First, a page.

Children of all ages and both genders can exhibit aggressive behaviour towards parents. In the initial stages, verbal aggression manifests in the form of snapping, shouting, screaming, yelling, uttering bad words etc. Aggression could be to manipulate the parents to give into their demands or an expression of frustration after being denied of something or after having gone through some disappointment. The child may exhibit such aggression even to cover his or her faults to avoid punishment or castigation.
When children do not get what they want through such verbal aggression, they may step it up to physical violence. It will manifest in the form of throwing things, hitting themselves, breaking things, or hitting a parent. Since a mother is generally more tolerant, forgiving and does not hold aggressive behaviour against a child, she is usually the easier victim. This can be both demoralising and humiliating for her. When parents tolerate physically aggressive expressions, then they can continue even during teenage and adulthood.
It is important that both parents disapprove of such aggression at the very first instance in strongest possible manner. If one parent even remotely supports such undesirable behaviour, the child will not give it up. The child will get mixed messages and take sides with the approving parent and continue such aggression.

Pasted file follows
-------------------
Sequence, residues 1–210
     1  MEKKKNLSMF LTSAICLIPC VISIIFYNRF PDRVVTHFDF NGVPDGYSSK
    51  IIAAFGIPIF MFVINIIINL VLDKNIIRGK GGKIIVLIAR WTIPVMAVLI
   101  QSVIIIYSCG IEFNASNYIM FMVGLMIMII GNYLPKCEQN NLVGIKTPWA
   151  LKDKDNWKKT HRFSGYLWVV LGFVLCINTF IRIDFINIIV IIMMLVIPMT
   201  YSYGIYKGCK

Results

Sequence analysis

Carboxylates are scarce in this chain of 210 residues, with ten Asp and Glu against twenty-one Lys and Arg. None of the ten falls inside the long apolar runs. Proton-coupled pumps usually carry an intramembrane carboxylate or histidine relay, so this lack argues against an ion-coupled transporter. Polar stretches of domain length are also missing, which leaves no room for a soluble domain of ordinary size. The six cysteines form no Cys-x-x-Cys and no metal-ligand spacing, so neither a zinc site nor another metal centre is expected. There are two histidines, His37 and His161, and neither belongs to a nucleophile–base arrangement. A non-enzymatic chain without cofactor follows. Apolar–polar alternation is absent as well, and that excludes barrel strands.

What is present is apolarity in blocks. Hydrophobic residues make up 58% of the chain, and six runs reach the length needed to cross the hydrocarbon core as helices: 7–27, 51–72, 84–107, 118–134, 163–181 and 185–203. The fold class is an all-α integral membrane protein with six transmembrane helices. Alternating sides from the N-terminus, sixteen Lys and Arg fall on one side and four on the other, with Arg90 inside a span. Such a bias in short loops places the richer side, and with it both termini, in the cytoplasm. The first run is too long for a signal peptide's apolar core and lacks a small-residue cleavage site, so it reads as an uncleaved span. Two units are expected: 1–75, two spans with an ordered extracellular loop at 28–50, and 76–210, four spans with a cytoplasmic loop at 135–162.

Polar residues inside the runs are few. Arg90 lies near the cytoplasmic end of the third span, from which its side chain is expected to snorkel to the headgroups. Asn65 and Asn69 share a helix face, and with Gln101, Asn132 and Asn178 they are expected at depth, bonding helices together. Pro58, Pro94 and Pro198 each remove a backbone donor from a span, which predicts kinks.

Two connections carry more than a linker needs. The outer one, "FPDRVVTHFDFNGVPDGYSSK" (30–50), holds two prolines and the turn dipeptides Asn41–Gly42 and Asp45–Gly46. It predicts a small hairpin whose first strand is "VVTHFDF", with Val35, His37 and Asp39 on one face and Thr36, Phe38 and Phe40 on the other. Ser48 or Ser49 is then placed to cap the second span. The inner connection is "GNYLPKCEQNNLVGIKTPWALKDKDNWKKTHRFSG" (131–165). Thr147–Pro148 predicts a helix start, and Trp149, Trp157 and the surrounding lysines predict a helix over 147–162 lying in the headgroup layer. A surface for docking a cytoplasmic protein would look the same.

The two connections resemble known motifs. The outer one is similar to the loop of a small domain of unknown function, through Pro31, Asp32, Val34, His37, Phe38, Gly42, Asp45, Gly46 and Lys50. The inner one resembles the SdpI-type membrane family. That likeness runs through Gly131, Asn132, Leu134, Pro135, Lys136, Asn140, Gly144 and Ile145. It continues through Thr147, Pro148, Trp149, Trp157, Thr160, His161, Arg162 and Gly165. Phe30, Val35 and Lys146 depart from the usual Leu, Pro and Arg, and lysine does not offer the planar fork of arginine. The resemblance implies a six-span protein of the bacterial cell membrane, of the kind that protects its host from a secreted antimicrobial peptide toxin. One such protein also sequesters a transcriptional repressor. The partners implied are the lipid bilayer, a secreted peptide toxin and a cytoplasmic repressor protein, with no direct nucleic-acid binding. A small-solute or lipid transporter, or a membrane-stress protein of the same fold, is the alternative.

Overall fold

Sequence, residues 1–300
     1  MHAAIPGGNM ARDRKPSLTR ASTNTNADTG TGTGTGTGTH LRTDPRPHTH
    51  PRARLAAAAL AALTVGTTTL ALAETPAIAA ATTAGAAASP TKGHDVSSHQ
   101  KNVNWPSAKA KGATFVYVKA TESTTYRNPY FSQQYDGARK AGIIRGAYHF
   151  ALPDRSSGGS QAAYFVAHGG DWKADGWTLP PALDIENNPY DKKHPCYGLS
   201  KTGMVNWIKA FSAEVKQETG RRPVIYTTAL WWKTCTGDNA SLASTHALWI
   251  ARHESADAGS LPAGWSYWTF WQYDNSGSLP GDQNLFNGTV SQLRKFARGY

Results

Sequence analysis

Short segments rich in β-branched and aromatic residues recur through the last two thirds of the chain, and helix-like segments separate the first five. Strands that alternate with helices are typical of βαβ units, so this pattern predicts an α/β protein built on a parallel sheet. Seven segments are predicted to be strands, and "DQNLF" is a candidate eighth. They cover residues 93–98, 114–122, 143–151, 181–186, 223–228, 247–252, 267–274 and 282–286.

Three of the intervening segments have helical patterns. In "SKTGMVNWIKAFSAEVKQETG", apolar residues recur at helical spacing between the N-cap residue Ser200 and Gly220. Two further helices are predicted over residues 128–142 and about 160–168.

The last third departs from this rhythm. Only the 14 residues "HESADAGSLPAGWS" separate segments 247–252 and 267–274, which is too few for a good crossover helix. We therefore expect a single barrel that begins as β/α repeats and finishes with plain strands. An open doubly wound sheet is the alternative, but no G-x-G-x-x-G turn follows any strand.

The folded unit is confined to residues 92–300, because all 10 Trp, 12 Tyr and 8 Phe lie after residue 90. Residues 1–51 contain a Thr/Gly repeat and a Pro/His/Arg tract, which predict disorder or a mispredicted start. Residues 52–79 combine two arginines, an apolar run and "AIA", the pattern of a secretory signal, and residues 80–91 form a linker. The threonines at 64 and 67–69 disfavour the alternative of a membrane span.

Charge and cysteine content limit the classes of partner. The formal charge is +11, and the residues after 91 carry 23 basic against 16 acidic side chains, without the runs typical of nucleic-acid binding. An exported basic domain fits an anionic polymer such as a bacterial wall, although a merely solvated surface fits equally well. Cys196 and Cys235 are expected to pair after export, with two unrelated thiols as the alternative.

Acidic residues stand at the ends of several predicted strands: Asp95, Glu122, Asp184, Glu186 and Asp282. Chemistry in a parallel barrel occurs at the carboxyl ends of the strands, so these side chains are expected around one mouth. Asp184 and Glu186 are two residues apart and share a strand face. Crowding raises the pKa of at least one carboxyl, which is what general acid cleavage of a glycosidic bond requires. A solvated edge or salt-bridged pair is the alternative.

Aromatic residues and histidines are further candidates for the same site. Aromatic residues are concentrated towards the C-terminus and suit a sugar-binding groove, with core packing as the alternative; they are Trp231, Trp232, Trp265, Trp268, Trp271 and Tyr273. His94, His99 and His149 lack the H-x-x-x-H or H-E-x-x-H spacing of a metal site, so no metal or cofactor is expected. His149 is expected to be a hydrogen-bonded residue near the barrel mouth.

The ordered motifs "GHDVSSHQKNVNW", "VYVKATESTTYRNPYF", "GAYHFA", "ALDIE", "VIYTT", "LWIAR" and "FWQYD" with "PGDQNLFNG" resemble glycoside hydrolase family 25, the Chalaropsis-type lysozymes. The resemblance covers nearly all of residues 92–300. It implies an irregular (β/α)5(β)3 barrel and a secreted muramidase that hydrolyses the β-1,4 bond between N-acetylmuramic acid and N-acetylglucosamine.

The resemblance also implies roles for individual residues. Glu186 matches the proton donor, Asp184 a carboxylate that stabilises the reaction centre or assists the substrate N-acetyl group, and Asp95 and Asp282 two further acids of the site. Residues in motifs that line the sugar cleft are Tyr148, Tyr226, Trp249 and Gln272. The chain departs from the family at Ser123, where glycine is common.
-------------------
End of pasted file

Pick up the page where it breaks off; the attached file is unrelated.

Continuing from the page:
Enabling the child to overcome aggression is pivotal for the healthy emotional growth of the child. The child should be taught to experience and express emotions without being offensive to those around. Frustration tolerance can be easily taught through sports and board games; as it will enable the child to accept failure as much as celebrate success. Many children play computer games but switch off the game when they are losing, and as it does not involve any human interaction, the experience will not be converted into real life learning by the child. Parents should not prevent failures and frustrating moments for the child. Only by going through those emotional experiences can a child learn.
Childhood aggression can become a part of a person’s personality and lead to exhibitions of further aggression before one’s colleagues, spouse and children. Domestic violence is not just perpetrated by men, as is popularly believed; women can also be physically violent. Therefore, the child should be corrected, as quickly as possible.
Ravi Samuel is a psychotherapist.